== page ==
Small business can use PR to tell a better story than the bigger companies that will just broadcast press release on the wires. The story of the artisan crafting his product, the baker preparing his cake or the winemaker cherishing his grapes is often more compelling.
Caroline Kinsey from the panel used an analogy to compare PR to a bowling ball that is sent and hit as many pins as possible and social media to a pinball ball that is sent and hit wherever it bounces next.
As someone in the audience put it, marketing via social media is like preaching to the converted. The people you reach already ‘like’ your product. The point then becomes to incentivize those fans so they will spread the word and act as the ambassador to the product. This could be done by:
– giving reward related to the brand and the product (free sample?)
– giving information a head of the mass so they feel they are on the inside
A good way to think about how to communicate with your customer on the social media is by asking the question: how does my present in social media add value to my customers.
When thinking about marketing a small business, I find those point helpful.
This morning webjam breakfast was organised to trigger the discussion on the use of social media in the context of work. The small group was greeted by Marc Campman, the marketing director who invited Euan Semple a social media thought leader to share his thought.
Euan surely knows his stuff, giving loads of examples of application of social media in the work place. He started by quoting the Cluetrain Manifesto, defining internet disruptive impact as: globally distributed, near instant, person to person conversations, peer-to-peer communication.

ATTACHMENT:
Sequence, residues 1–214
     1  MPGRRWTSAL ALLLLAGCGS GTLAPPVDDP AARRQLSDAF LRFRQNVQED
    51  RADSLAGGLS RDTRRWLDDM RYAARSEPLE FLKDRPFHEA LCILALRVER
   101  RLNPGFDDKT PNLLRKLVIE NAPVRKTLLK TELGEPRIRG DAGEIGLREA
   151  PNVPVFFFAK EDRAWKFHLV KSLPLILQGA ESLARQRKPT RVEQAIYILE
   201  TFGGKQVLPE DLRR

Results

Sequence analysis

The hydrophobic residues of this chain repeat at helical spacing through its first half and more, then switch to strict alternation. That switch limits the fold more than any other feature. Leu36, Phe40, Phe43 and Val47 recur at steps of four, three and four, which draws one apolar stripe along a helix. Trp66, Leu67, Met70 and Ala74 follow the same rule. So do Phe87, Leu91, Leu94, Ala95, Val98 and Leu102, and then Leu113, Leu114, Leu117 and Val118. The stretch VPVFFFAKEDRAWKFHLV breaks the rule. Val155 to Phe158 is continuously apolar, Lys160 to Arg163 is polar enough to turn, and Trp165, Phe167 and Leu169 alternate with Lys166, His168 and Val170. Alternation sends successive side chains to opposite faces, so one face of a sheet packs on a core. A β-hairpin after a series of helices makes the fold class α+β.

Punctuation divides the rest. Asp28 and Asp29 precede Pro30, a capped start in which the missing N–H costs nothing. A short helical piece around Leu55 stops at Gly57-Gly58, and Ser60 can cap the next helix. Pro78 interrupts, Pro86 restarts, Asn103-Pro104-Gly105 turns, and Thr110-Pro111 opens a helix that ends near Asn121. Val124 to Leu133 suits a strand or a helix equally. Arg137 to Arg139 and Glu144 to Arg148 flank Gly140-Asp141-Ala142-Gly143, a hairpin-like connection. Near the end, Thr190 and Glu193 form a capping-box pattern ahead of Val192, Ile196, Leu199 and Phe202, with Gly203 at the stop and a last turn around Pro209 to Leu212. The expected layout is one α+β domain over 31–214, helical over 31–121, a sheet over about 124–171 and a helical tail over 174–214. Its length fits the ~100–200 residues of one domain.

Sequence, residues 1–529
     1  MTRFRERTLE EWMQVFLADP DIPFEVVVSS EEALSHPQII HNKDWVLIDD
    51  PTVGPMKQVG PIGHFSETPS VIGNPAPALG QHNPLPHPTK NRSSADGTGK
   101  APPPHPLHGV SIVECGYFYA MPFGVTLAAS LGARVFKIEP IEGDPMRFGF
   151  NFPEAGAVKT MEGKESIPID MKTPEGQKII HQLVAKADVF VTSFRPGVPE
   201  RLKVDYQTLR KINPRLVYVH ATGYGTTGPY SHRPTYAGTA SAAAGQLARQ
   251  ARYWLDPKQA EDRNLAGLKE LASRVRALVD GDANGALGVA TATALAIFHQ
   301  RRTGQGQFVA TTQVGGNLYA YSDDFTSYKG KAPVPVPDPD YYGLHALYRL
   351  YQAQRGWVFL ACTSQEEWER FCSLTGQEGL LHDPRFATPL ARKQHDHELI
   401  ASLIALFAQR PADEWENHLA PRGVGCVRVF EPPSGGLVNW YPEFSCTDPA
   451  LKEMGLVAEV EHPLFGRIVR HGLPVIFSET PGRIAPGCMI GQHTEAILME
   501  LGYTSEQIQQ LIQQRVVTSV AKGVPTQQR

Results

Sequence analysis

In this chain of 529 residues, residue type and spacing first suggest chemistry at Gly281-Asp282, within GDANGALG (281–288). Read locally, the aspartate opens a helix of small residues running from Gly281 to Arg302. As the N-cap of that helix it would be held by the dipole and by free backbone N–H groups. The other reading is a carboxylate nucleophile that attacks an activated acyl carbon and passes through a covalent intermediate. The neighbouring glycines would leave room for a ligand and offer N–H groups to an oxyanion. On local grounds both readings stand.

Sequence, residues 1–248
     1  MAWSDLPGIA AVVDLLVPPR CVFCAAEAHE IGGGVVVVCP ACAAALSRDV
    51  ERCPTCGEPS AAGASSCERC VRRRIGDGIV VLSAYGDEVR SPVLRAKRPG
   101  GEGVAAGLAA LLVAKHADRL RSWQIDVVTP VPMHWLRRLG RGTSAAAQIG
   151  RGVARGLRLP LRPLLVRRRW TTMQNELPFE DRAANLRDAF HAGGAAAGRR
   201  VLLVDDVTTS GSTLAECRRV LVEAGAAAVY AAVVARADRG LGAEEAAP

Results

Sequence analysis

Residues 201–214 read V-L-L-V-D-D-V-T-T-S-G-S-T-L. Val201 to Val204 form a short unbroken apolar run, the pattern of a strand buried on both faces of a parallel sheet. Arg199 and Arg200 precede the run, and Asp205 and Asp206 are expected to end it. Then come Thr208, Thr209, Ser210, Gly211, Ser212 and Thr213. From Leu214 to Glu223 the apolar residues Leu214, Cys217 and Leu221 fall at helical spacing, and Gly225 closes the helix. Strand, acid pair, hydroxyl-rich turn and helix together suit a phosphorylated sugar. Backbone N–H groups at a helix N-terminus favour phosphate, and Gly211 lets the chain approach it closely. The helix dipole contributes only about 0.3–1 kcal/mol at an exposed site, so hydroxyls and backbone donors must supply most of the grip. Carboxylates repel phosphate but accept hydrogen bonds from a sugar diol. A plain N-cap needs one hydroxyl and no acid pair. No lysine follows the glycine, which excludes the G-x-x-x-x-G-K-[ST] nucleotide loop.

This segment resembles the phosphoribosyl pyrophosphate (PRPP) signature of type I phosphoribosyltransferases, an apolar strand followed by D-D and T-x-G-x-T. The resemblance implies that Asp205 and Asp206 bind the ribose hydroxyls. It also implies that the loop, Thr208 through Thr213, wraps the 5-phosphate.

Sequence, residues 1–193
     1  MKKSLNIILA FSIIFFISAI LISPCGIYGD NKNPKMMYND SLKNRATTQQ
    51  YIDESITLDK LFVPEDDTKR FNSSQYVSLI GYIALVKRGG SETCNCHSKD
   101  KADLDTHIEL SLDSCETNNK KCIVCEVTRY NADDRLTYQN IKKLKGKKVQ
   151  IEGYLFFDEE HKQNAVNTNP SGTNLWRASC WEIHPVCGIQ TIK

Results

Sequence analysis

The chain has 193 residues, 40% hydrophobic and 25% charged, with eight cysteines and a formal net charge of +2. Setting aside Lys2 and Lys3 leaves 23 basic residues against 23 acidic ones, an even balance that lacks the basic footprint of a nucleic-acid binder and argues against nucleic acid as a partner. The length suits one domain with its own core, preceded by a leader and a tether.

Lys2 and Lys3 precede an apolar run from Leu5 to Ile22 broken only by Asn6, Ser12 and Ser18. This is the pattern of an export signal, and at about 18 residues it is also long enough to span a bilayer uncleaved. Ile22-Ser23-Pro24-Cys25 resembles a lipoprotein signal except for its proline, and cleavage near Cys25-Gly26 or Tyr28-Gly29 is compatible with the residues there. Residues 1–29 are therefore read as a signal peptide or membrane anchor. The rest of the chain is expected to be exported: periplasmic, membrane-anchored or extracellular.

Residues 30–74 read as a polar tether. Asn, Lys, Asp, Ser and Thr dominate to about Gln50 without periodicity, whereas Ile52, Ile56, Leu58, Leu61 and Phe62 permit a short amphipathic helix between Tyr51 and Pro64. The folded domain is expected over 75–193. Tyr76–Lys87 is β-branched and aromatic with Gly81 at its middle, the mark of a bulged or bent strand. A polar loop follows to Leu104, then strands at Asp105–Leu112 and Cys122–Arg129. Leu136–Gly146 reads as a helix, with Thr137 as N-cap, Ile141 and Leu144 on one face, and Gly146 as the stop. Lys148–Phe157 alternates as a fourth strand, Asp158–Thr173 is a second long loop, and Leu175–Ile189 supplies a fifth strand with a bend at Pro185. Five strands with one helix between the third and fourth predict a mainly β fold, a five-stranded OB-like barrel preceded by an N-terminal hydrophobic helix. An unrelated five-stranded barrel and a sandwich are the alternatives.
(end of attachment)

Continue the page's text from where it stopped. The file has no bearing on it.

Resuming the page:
A few examples of the use of social media by companies in the work context (unsorted):
Workers using social media as a tool to get information.
The use of wiki and forums to sharing the information.
A internal blogs which has more reader than the staff newsletter.
Twitter used to tap into the crowd wisdom to get questions answered and Yammer, the twitter like version for the workplace, being used.
The well known case of staff, helping their company with customer issues or queries via twitter and other social media. A person to person communication.
The use of social media for recruiting by posting job specs for instance.
Marc C. explained WebJam’s vision, pointing out the ‘brand ambassador’ benefit that social media should bring to the workplace. They are helping a big company developing their social media ‘inside the firewall’. The approach he says was to focus on the user (employee) enabling them sharing and contribution. An Intranet 2.0 with a smaller place for top-down message. A Facebook like site for colleagues.
The point, I think, with the social media in the workplace is about replicating and enhancing existing human behaviours, in the digital space. Throughout the example we saw the promise of more peer-to-peer conversation and less trying top-down communication. Which is, in essence a change that some organisation are already embracing. Social media might well be its catalysis.